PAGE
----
STOCKTON — A lone eucalyptus tree, more than 100 years old, still stands on the edge of Waterloo Road where Frank and Ina Lucchetti sowed the seeds of their family business.
It remains large and firm, the only survivor of the 1946 chimney fire that burned down the family’s home and adjacent trees and of the 1991 frost that claimed its two remaining companions. The tree’s thriving existence resembles that of the simple fruit stand it helped provide shade for many years ago.
In early 1947, Frank and Ina Lucchetti rented a home in the eastern fringes of Stockton that was surrounded by nine acres of walnuts, peaches and plums. By summer, the first bounty of ripe nectar white freestone peaches at the property was ready to be picked. But the market wasn’t profitable.
Taking a friend’s suggestion, the young couple placed a table and signs on the side of the road to sell their fruit during the busy Fourth of July weekend. On the counter, Ina Lucchetti kept a bowl of just-picked peaches, plums or apricots for customers to sample.
And so it became known as The Fruit Bowl.
The once-small fruit stand now is a market and bakery at 8767 Waterloo Road in Stockton with an ample selection of products, including pasta, peaches, pies and paninis. It opened for its 70th season in April.
Ralph Lucchetti, one of three sons born to Ina and Frank Lucchetti, now runs The Fruit Bowl with help of his wife, Denene.
On a recent afternoon, as vehicles whizzed by the busy road, some slowed to turn into the market’s parking lot — just as others had done over the past seven decades.
Lucchetti wasn’t encouraged by his parents to pursue the family business. His father, in fact, thought he was nuts to want to get into farming. But, after five years of working elsewhere, he decided to return to his roots at his family’s ranch and market.
“It’s home,” Lucchetti said. “I wanted to continue on if I could, and it worked out pretty well.”
Denene Lucchetti said keeping The Fruit Bowl open is important to her husband because his parents started it, and of the three brothers, he’s the only one who went into farming.
Alongside their son and daughter-in-law, Ina and Frank Lucchetti helped keep The Fruit Bowl going for as long as they could and were able to see the completion of the market and the addition of the bakery.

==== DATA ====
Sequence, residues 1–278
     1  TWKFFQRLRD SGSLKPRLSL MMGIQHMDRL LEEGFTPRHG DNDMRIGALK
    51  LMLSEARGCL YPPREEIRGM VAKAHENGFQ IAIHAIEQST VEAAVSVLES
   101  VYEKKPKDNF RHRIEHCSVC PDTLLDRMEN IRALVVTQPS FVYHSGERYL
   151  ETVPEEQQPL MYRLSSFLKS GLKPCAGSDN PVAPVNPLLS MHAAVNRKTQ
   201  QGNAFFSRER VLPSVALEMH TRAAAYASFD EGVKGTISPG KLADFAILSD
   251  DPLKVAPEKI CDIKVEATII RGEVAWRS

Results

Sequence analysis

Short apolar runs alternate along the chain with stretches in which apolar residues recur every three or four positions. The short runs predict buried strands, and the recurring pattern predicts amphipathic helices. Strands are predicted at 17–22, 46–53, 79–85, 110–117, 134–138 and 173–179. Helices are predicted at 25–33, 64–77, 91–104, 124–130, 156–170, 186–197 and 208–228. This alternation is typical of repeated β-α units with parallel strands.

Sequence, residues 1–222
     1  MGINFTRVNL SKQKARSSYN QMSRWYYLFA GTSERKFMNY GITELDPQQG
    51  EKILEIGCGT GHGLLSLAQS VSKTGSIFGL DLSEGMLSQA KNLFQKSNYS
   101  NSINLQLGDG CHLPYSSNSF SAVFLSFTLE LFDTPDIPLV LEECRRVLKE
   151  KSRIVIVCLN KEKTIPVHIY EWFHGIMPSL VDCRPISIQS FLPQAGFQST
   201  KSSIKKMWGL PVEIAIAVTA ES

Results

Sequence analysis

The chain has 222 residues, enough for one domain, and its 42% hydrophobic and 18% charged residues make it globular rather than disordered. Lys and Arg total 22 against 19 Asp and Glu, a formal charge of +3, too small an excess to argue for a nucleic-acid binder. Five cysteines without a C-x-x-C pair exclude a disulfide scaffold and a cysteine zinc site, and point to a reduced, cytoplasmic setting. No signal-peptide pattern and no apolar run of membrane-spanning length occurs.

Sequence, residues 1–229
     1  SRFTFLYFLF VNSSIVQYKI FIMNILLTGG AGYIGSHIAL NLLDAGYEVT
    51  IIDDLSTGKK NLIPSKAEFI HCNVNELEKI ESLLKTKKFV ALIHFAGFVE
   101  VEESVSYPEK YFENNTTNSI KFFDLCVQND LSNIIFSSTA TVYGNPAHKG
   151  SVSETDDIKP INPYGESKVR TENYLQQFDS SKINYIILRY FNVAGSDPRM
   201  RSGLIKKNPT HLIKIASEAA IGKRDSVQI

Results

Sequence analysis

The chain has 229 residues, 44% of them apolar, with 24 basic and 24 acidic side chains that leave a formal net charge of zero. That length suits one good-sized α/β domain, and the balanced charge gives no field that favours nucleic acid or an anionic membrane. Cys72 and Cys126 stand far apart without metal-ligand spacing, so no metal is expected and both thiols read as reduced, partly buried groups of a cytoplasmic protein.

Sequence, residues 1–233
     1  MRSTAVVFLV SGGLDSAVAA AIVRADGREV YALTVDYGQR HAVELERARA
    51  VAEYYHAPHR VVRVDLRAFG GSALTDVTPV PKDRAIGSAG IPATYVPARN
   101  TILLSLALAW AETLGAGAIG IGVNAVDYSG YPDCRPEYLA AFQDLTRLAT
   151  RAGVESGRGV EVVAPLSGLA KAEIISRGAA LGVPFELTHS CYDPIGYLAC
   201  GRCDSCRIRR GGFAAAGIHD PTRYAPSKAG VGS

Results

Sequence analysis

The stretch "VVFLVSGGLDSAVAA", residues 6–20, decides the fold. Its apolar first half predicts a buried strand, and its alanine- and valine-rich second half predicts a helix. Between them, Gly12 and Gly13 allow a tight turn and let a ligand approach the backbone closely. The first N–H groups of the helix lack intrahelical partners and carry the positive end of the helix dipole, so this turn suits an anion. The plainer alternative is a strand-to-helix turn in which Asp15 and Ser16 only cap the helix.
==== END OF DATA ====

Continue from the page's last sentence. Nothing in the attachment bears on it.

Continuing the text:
Frank Lucchetti died in 2004 and Ina Lucchetti in 2011.
“They put a lot of hard work in, and my wife and I as well,” Ralph Lucchetti said.
Part of The Fruit Bowl’s success comes from Ralph Lucchetti staying as true as possible to the business’ origins of selling what’s grown at the ranch — he and an employee pick only enough fruits each morning to sell for the day to ensure freshness — and the practice has resulted in a loyal following over the years. The Fruit Bowl also stocks local produce and other items to provide people a one-stop shopping experience.
One woman, who was on her way out of the market after buying a box of cherries, asparagus, strawberries and more, said “this is the best” about The Fruit Bowl. She had been shopping there for more than 40 years, she quickly added as she hauled away her purchase.
“Regulars” will stop by the market two to three times a week. Some people making The Fruit Bowl their usual rest stop between their trips to the Bay Area and the mountains, and vice versa.
The result has been not only a dedicated clientele, but lifelong friends for the Lucchettis, which is part of the appeal of continuing the business, Ralph and Denene Lucchetti said.
The customers are great, and the Lucchettis have gotten to know some of them very well over the years, Denene Lucchetti said.
Ralph Lucchetti recalled one of those customers-turned-family friends was New York Yankee Frank Crosetti.
Sitting at a picnic table just steps from the house where he grew up, Ralph Lucchetti recalled Crosetti would stop by to sit under the shade of a tree and chat with his father. Crosetti once brought over his World Series ring to show a young Ralph.
And it’s not just the customers who are memorable — employees also have been at the root of The Fruit Bowl’s history.
Marie Barbagelata was 13 when she was hired by Ina and Frank Lucchetti to work at their ranch and stand.
The now 76-year-old said she learned such great skills — dealing with customers, counting back change — and work ethic from working at The Fruit Bowl, that she encouraged her daughters and granddaughters to work there. They did.
“It was an all-around good experience,” she said. “I feel like they’re family for me … Ina was one of my idols.”
Ralph Lucchetti said he’s not sure what’s in the future of The Fruit Bowl or whether one of his kids — he and Denene Lucchetti have three children — will continue in the family business or if it will make financial sense to stay open, he said.
Denene and Ralph Lucchetti aren’t ready to let it go, though.
Said Ralph Lucchetti: “We haven’t given up yet.”